A Granite Replica of a Bedroom Closet Honors Personal and Collective Memories in New York City AIDS Memorial Park

Source Colossal  

“Craig’s closet” (2023), granite and bronze, 90 x 57 x 28 1/2 inches. Installed in New York City AIDS Memorial Park. Photos by Daniel Greer, © Jim Hodges, courtesy of the artist and Gladstone Gallery, shared with permission

In 1981, the emergency room at St. Vincent’s Hospital in Manhattan began to see an influx of young gay and bisexual men with startling weight loss, pneumonia, rare infections, and compromised immunity. Two years later, the HIV virus was identified as the cause of AIDS, which quickly reached epidemic proportions, and St. Vincent’s opened the first—and largest—AIDS ward on the East Coast.

In 2016, a public park became the home to the New York City AIDS Memorial, honoring the more than 100,000 residents who died of the disease, as well as those who lobbied for medical research and access to drugs and fought discrimination against the LGBTQ+ community. Marking a continuation of the memorial’s public art program, a new sculpture by Jim Hodges is both a heartfelt ode to a young New Yorker who succumbed to the illness and an invitation to consider complex histories and personal and collective memories.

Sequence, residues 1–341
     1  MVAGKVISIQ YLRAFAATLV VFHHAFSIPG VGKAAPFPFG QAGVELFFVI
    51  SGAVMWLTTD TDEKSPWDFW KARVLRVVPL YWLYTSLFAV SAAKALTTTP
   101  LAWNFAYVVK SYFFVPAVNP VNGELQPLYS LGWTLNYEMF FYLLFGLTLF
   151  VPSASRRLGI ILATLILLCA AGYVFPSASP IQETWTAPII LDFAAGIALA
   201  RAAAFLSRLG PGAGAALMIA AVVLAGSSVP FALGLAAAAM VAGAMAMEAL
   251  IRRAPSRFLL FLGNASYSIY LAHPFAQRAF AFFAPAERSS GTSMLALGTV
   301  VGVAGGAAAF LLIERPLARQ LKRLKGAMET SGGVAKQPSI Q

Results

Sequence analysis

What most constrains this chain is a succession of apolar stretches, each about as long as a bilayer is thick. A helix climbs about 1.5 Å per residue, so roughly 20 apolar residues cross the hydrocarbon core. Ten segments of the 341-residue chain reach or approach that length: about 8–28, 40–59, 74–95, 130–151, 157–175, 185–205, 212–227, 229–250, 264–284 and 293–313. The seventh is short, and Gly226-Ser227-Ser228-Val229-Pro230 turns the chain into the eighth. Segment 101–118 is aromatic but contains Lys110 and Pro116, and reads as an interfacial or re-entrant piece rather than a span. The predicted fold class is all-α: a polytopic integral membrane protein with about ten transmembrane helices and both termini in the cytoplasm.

“Craig’s closet,” a granite and bronze work that stands like a monolith in the middle of the park, considers the personal, metaphorical, and physical significance of the ubiquitous storage space. It is an exact replica of the bedroom closet belonging to musician Craig Ducote, who shared a home with Hodges until he passed away in 2016. T-shirts and jackets hang neatly next to a stack of drawers, a cane, various containers, and knick-knacks. While the piece references the artist’s personal relationship and memories, the simultaneous universality and specificity of a wardrobe, or objects accumulated over time, speaks to the shared experience of loss.

“Craigs closet” is on view through May 2024, and you can find more on Hodges’ website.


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